NORFOLK, Va. — City leaders said a plan to add more bike lanes to the streets of Norfolk will help with safety and traffic flow, but not everyone is ready to hop on their bicycles and get riding.
One reason: more bike lanes could mean fewer traffic lanes on a very busy road.
“That is insanity. I don't understand why the city would think that is a good idea at all, ” explained owner of The Pancake House & Grill, Nick Renesis.
It's clear Renesis is not for adding bike lanes in front of his business in Ward’s Corner. He said this section of Granby Street had enough wheels on the road.
He said he wouldn't mind the bike lanes in less crowded areas in the city.
“The train traffic, the base traffic, and just the amount of cars that come through this intersection every day, it's just not a good idea, ” he explained.
The area that would get the bike lanes is Granby Street near Wards Corner. Some people think it already is too congested there and that adding bike lanes only would add to that.
Norfolk city leaders think the bike lanes actually could help the area. The plan would be to repurpose a single vehicle lane in each direction of Granby and add buffered bike lanes between Willow Wood Drive and Admiral Taussig Boulevard.
Cyclists said it's a perfect plan, and they were really excited about it.
Norfolk’s Director of Transit Amy Inman said the discussion is in its early stages. If the city decides to move forward with plan, construction wouldn’t start until 2022.
“It’s dangerous because motorists don't respect cyclists. They think that they own the roads. If we had a protected lane or just a lane that was dedicated to cycling, It would make it much safer, ” explained vice president of Bike Norfolk, Melissa Seek.
Bike Norfolk is an all-volunteer nonprofit organization. Seek believes more people would pedal around town if this plan gets approved.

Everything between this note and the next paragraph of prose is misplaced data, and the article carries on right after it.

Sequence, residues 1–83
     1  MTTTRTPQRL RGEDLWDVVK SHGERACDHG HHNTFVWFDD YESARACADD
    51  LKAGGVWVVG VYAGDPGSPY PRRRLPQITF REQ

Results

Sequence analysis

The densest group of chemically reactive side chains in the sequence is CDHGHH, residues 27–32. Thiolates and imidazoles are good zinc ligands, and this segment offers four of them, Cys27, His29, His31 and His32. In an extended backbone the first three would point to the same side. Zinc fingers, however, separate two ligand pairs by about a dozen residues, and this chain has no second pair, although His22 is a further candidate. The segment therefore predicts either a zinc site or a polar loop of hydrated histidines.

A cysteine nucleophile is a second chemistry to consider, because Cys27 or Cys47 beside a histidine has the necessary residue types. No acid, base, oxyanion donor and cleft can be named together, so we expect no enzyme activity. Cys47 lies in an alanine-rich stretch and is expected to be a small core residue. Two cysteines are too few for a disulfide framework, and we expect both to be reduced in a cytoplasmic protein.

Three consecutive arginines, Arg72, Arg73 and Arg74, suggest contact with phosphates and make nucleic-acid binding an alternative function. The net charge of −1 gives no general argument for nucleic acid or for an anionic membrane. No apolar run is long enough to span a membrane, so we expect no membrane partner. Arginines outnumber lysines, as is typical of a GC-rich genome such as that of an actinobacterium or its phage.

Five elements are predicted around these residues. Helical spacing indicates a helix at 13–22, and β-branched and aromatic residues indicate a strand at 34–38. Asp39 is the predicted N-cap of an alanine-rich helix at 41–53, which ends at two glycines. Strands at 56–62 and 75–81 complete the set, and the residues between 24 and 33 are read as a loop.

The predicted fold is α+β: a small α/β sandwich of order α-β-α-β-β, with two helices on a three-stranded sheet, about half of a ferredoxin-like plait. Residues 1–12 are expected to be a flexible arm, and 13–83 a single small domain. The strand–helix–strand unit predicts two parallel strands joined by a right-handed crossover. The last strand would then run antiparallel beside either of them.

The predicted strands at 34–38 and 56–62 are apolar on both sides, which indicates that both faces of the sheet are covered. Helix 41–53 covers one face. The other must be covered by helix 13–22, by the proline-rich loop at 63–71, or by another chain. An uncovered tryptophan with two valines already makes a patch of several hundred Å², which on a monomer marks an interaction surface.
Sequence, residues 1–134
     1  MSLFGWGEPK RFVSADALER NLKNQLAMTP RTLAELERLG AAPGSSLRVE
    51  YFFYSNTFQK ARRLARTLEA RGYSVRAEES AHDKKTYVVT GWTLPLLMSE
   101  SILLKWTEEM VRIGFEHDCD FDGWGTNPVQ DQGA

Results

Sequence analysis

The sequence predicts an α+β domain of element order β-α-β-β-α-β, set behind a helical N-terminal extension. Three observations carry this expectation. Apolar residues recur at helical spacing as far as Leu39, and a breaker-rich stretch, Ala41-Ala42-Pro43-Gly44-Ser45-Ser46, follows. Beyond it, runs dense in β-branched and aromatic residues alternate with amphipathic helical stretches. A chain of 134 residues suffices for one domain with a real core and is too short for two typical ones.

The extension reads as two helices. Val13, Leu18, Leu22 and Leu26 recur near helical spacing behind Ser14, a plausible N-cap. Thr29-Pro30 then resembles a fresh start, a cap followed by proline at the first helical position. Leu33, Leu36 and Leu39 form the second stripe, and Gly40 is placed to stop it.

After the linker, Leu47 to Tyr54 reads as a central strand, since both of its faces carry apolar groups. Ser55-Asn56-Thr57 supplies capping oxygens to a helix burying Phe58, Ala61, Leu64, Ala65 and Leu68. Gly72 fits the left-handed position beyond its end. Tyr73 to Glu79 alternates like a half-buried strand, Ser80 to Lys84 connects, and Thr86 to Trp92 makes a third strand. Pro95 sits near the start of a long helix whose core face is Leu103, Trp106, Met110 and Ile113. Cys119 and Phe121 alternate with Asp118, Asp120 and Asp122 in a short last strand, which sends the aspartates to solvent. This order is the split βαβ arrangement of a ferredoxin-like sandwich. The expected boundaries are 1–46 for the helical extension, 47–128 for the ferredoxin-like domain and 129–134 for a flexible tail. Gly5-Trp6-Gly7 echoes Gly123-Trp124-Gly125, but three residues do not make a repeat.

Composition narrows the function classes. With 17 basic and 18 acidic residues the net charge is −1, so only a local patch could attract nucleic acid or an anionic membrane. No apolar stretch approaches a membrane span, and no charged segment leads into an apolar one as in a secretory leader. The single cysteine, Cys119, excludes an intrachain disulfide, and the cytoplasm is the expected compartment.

“I have two kids so if I could safely ride from my house in colonial place to the oceanfront - that would be perfect. I would do it every day with them in the summertime, ” she explained.
Norfolk’s Director of Transit, Amy Inman, said the discussion is in its early stages. If the city decides to move forward with plan, construction wouldn’t start until 2022.
“That’s what we are working on right now: What does that layout look like? What does design look like? We want it to be dedicated, and we want it to be safe, and so, what we are in the process of is what that design and what that layout of what it will entail,” Inman said.
The Department of Transit said it is hosting a virtual workshop on March 11 from 6:00 - 7:30 p.m. to explore possible bike lane options along that portion of Granby Street.
During the workshop, people can find out about the goals and timeline of the project development effort, review case studies, and explore a variety of bike facility types, such as bike lanes, buffered bike lanes, or cycle tracks.
The virtual workshop is the first of two public engagement sessions planned.
The city also will collect public input until 9 a.m. on Tuesday, April 13 through an online survey and comment map.